Ford government moves to scrap ranked ballot elections for Ontario municipalities
An election official hands back to a voter her marked ballot to place in a ballot box. (The Canadian Press/Chris Young)
TORONTO -- The provincial government says it will move to revoke the power granted to Ontario municipalities to hold ranked ballot votes for municipal elections.
In a press release issued Tuesday afternoon, the province said that it would move to amend the Municipal Elections Act to make voting “consistent” across federal, provincial and municipal elections.
A further statement released to CP24.com by Municipal Affairs and Housing Minister Steve Clark’s office said the timing is not right for allowing municipalities to use a different voting system.
“Now is not the time for municipalities to experiment with costly changes to how municipal elections are conducted,” the statement read. “For 443 out of 444 municipalities, they will see no change. This proposal ensures that in 2022, elections for those municipalities will remain the same.”
London, Ont., which in 2018 became the first Ontario municipality to hold a ranked ballot election, will be forced to switch back.
While other municipalities, including Toronto, have been studying the option and working toward implementing it, the province is not considering any compensation for municipalities that have conducted studies on making the switch.
Advocates for ranked ballot voting have long argued that it better represents the will of the electorate compared to the “first past the post” system traditionally used in Canadian elections and helps make the system more equitable and inclusive.
Ranked ballots allow a voter to list their candidates in order of preference. Candidates who receive the fewest votes as the top pick are dropped following the first round of counting and the vote of anyone who selected those candidates as their top pick is then transferred to their second pick and so on until a winner emerges.
In the “first past the post system,” the candidate who wins the greatest number of votes is the winner. The system means that candidates who least represent the will of most voters are sometimes elected because parties with similar ideologies split the vote. Proponents of the “first past the post” system argue that it is simpler to understand and prevents fringe candidates, some of whom might have radical ideas, from getting elected.
Following years of lobbying, the government of former premier Kathleen Wynne amended the Municipal Elections Act to allow municipalities to decide for themselves whether they wanted to adopt the voting system. The 2018 municipal elections marked the first time that municipalities were able to use ranked balloting. While it was not widely adopted, it was used for the first time in London, Ont.
Toronto was working toward the possibility of a ranked ballot election in 2022. However a report last month by the city clerk advised that the COVID-19 pandemic had made much of the preparatory work impossible and suggested 2026 as a more realistic target.
In a statement, Mayor John Tory said Clark’s office informed him of the move to scrap ranked ballots late Monday night.
"I've supported ranked ballots – and voted in support of them at city council - because I believe they will lead to fairer elections and encourage more diverse candidates to run, so the decision by the province is disappointing,” Tory said.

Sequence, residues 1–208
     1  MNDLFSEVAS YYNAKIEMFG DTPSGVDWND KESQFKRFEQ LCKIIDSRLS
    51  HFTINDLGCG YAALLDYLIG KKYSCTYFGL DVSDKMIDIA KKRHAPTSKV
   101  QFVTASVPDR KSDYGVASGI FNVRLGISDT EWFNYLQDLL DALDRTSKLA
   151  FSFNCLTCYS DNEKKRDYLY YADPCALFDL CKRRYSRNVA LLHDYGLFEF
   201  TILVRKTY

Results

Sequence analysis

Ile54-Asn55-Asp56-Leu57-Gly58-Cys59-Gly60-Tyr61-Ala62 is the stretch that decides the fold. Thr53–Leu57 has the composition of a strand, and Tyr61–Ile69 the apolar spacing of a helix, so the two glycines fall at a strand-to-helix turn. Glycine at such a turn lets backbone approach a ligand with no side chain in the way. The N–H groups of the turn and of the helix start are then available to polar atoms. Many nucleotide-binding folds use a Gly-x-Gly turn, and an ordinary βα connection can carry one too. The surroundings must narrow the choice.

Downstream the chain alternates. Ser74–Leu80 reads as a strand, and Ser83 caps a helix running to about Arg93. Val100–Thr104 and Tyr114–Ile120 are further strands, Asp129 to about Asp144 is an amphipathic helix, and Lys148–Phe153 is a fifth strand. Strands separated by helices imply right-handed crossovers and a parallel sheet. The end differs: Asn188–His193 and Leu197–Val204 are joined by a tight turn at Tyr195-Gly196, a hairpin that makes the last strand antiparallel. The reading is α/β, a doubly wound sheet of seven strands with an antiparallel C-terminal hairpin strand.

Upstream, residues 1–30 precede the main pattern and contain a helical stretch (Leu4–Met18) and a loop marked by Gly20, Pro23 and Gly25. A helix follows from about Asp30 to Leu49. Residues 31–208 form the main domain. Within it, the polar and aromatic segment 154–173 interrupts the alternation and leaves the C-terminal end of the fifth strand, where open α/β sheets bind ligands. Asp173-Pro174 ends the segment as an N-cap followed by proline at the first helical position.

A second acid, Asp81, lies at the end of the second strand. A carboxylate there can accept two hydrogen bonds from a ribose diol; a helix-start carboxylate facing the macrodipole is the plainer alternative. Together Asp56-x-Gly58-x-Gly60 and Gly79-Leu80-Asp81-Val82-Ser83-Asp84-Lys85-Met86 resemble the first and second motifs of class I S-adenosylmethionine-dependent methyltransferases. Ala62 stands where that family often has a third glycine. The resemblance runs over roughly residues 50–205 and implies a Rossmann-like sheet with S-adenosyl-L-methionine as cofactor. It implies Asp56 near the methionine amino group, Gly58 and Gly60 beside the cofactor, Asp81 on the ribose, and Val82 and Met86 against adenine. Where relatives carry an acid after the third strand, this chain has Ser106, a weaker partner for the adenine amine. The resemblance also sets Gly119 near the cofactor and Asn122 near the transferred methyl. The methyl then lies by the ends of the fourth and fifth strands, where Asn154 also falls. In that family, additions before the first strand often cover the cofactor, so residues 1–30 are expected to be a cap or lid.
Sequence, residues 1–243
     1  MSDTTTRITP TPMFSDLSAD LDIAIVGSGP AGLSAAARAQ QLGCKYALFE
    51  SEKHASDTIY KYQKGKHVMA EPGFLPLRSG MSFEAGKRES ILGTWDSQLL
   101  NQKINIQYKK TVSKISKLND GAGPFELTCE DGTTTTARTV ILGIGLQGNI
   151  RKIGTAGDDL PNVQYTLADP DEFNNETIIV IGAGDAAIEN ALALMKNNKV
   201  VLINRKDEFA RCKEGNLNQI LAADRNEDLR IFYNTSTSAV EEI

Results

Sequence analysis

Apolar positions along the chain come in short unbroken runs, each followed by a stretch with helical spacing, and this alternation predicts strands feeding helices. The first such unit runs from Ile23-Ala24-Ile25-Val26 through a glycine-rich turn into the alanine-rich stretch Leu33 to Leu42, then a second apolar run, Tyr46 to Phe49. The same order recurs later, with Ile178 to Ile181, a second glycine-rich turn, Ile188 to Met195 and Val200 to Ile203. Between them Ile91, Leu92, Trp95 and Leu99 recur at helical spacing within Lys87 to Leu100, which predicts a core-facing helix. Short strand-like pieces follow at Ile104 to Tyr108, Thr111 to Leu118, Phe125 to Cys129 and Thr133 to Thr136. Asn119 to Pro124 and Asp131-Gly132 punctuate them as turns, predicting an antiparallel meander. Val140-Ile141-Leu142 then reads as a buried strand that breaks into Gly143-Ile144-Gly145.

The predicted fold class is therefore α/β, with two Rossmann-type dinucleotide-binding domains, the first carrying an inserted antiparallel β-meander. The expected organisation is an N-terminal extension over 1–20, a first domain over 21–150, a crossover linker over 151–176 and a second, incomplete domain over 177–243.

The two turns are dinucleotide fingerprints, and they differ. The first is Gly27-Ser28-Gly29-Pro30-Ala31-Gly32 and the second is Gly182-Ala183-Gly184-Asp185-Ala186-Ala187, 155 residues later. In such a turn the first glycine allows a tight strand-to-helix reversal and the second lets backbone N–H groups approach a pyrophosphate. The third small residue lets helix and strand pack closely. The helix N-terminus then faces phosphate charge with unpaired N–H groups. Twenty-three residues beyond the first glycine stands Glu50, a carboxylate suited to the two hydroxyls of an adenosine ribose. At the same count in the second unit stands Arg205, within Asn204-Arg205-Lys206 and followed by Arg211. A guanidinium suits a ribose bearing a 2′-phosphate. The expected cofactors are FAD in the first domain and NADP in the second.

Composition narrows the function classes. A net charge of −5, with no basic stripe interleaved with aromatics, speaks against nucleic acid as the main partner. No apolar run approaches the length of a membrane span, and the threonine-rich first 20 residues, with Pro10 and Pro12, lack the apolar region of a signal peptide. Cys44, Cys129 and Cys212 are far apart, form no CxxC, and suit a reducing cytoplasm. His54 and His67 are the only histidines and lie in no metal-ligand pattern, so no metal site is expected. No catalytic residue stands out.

He said his office made it clear to provincial officials that he would continue to support ranked balloting.
The move to scrap ranked ballot elections was announced as part of the “Supporting Ontario's Recovery Act,” new legislation meant to shield essential workers from additional liability associated with health measures around the pandemic.
This isn’t the first time that Premier Doug Ford’s government has surprised Ontario’s municipalities with changes. Soon after being elected, the Ford government unilaterally announced that they would override Toronto City Council’s plans, years in the making, to add more council seats. The province decided instead to pass legislation that shrunk council in half.
The Ford government also scrapped plans to let voters directly elect regional chairs.
Clark’s office also noted that the provincial government has recently moved to create a single voter list for municipal and provincial elections, a move they said “will reduce the need to make corrections on election day, shorten wait times, and save municipalities money.
“Our new proposed changes would bring predictability to municipal elections, at a time when Ontarians are focused on their health and safety.”
The statement also suggested that ranked ballots are more expensive and said barring municipalities from using the system will help save them money.
Scarborough-Guildwood MPP Mitzie Hunter, who also serves as the Ontario Liberal Party critic for electoral reform, issued a statement Tuesday evening saying that “citizens do not need their premier to dictate how they chose their own local leaders.”
"Doug Ford quietly slipped a nefarious measure into a bill that will remove the power of municipalities to use ranked ballots in their local elections,” Hunter said. “This will take the power away from cities and towns to decide how they choose their own leaders.”
She noted that the move was made without any public consultation.
A number of Ford’s former council colleagues were also swift to condemn the move Tuesday.
“The PCs can’t help themselves from continuing to attack municipalities and grassroots democracy,” Coun. Shelley Carroll tweeted.
Coun. Joe Cressy called it “ridiculous” while Coun. Gord Perks charged that it’s proof “Doug Ford sure hates local democracy.”